The best-selling books at the two best bookstores in the Commonwealth.
1 Ministry Of Utmost Happiness by Arundhati Roy (Hamish Hamilton, $38)
We look forward to the forthcoming review by Marion McLeod.
2 Good Night Stories for Rebel Girls by Elena Favilli & Francesca Cavallo (Particular Books, $40)
Portraits of 100 inspirational women through history, including the great New Zealand wartime spy Nancy Wake! Her quote: “For goodness sake, did the Allies parachute me into France to make eggs and bacon for the men?”
3 The Wish Child by Catherine Chidgey (Victoria University Press $30)
4 Can You Tolerate This? by Ashleigh Young (Victoria University Press, $30)
5 The Whole Intimate Mess by Holly Walker (Bridget Williams Texts, $15)
“A courageous and truthful book”: Deborah Coddington, on the candid, sometimes shocking memoir by former Green MP Holly Walker.
6 The New Zealand Project by Max Harris (Bridget Williams Books, $40)
7 Heloise by Mandy Hager (Penguin, $38)
“I am now minded to write of the sufferings which have sprung from my misfortunes,” wrote Peter Abelard (1079-1142) in the foreword to his classic memoir, Historia Calamitatum: The Story of My Misfortunes. Hager’s historical novel, a thousand or so years later, is the kind of sequel.
8 The Power by Naomi Alderman (Penguin, $26)
“What would the world look like if men were afraid of women rather than women being afraid of men? Science fiction has long questioned the conventional exercise of power between the sexes…But I don’t think I’ve ever seen the status quo inverted to such devastating effect as in Naomi Alderman’s fourth novel”: rave review, The Guardian.
9 Balancing Acts: Reflections of a NZ Diplomat by Gerald McGhie (Dunmore Press, $35)
We have received Tony Simpson’s review and it is safe to say Gerald McGhie ought not look forward to it.
10 Hera Lindsay Bird by Hera Lindsay Bird (Victoria University Press, $25)
“From a distance, the impression is that Bird and her followers are generating something of a cult-like atmosphere, with a designated in-group and out-group. In this context, the persona of the poet easily becomes of more interest than the poems. With regards to the poems themselves, while some have strengths, her collection seems to be receiving attention and praise beyond its inherent value”: commentary by Peter Schimmel in the latest, must-read issue of New Zealand Books.
1 The Wish Child by Catherine Chidgey (Victoria University Press, $30)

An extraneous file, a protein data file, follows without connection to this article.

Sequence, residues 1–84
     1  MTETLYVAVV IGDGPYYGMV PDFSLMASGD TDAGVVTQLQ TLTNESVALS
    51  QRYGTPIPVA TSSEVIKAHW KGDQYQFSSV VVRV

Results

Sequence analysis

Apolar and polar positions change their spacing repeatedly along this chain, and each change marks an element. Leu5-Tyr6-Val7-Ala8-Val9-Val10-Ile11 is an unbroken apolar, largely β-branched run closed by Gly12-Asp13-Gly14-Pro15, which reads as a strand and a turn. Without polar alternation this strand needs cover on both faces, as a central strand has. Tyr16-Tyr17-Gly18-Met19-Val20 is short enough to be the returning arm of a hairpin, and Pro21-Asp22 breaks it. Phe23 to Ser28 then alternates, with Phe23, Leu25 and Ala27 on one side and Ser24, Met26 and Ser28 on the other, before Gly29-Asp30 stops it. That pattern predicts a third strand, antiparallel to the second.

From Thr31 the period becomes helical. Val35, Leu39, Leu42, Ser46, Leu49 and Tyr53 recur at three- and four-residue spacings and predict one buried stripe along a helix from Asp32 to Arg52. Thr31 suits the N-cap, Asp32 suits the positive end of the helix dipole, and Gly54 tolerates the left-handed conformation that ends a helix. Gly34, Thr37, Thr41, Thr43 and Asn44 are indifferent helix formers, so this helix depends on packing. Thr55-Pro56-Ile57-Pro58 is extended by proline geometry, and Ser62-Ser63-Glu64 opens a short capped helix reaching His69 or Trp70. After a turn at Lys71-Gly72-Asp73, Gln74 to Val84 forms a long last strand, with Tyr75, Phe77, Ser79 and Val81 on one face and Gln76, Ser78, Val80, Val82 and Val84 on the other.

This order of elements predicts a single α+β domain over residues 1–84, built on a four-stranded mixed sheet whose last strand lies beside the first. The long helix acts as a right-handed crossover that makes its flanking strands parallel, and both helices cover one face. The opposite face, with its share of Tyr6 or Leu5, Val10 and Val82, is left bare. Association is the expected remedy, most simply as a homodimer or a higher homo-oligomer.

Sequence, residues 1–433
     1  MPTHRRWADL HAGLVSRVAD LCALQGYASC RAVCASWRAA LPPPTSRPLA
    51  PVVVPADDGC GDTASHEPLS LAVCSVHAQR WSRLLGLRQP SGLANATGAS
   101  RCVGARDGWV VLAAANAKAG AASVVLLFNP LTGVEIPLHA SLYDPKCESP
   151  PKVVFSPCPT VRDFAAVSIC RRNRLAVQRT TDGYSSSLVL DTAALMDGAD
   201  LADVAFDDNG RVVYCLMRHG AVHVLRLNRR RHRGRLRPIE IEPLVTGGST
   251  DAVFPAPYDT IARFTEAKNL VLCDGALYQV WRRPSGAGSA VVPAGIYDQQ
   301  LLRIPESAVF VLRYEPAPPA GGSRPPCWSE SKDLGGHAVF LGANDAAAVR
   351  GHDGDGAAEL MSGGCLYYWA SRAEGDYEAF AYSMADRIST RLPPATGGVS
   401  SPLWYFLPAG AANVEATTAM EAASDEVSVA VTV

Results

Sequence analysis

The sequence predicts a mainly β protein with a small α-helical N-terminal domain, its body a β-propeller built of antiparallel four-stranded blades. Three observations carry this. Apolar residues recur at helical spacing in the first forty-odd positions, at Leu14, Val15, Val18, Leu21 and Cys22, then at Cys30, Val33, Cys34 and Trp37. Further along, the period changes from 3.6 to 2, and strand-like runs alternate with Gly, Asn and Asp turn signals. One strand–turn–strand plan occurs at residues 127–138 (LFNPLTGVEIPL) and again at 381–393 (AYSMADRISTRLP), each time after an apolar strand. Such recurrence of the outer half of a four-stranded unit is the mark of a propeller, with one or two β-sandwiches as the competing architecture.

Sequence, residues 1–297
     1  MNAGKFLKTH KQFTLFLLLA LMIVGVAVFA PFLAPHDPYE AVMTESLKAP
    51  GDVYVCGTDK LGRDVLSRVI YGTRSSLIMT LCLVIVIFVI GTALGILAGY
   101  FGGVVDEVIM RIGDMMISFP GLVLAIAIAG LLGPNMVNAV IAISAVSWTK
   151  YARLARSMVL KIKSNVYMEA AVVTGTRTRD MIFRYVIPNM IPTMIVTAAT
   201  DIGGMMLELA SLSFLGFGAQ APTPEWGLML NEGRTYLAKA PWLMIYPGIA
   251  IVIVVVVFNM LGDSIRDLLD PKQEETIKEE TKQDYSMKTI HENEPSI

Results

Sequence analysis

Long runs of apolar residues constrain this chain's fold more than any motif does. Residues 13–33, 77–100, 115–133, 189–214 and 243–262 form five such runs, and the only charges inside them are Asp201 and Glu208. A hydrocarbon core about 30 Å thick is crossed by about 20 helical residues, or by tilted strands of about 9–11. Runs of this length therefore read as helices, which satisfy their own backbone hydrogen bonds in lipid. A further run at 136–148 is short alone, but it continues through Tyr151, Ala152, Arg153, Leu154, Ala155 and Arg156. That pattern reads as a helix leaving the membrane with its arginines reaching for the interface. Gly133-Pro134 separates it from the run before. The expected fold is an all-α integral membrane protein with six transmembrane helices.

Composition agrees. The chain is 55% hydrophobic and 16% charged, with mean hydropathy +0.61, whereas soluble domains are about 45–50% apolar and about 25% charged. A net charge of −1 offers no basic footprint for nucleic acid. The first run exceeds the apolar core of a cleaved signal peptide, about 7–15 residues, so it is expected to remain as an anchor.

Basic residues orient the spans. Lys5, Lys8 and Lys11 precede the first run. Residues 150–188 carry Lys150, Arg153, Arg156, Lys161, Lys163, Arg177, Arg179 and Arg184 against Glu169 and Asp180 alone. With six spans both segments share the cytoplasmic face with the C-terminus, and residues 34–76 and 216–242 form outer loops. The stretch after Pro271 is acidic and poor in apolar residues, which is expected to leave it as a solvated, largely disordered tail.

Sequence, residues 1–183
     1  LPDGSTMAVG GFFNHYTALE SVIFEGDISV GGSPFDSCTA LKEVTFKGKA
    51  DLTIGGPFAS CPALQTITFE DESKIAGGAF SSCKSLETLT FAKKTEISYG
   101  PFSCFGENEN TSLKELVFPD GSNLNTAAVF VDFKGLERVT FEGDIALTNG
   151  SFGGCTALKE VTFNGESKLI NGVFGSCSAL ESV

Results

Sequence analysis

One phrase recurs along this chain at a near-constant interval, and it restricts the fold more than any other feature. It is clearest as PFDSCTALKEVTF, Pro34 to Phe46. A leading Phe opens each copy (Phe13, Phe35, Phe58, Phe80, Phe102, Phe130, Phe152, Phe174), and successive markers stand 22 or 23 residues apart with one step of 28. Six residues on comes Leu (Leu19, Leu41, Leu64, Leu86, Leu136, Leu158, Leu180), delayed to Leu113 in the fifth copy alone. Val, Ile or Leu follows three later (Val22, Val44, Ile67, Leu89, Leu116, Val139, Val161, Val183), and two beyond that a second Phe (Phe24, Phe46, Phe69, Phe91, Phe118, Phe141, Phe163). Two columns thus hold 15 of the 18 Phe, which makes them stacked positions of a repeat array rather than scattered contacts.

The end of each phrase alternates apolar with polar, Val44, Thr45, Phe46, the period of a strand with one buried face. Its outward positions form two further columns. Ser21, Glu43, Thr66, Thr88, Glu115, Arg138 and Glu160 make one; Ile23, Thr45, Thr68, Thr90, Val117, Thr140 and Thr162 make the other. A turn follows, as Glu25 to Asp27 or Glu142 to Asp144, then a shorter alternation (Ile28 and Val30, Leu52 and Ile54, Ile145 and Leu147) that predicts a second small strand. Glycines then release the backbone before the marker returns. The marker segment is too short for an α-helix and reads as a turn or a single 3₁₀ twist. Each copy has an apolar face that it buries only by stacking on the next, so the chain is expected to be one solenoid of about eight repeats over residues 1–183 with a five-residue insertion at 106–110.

2 Ministry of Uptmost Happiness by Arundhati Roy (Penguin, $38)
3 A History of New Zealand Women by Barbara Brookes (Bridget Williams Books, $70)
But not all New Zealand women.
4 Serious Sweet by AL Kennedy (Vintage, $26)
The unlikely romance between a London civil servant and a former accountant who works in an animal shelter ZZZZZ.
5 Can You Tolerate This? by Ashleigh Young (Victoria University Press, $30)
6 Hillbilly Elegy: A Memoir of a Family and Culture in Crisis by J.D. Vance (HarperCollins, $35)
BuzzFeed was recently reporting that Ohio Republicans were trying to recruit superstar author JD Vance to represent the GOP in the senate race. #fakenews, probably.
7 Art Sex Music by Cosey Fanni Tutti (Faber Social, $40)
“I strode on stage, dominatrix-style, in high heels but otherwise naked save for a strap costume that didn’t cover much. I’d made it from strips of black PVC and gold buckles I’d found in a bin. I stood watching a naked Gen [Genesis P Orridge, of Throbbing Gristle] being chained to a cross. I daubed him in flour paste and chicken’s feet and whipped him hard. Gen had told me to whip him properly – it had to be real. I don’t think he’d really thought about what being whipped meant in terms of pain, or that I’d actually do it, but I really got into it…”: Extract from the most incredible music bio of the year.
8 Homo Deus: A Brief History of Tomorrow by Yuval Noah Harari (Vintage, $30)
At the end of the day and beyond.
9 Theft By Finding: Diaries by David Sedaris (Little Brown, $38)
Small doses of amusement.
10 The Moth Presents: All These Wonders Edited by Catherine Burns (Serpent’s Tail, $33)
45 true stories told out loud sort of thing, including one by Louis CK.
The Spinoff Review of Books is brought to you by Unity Books.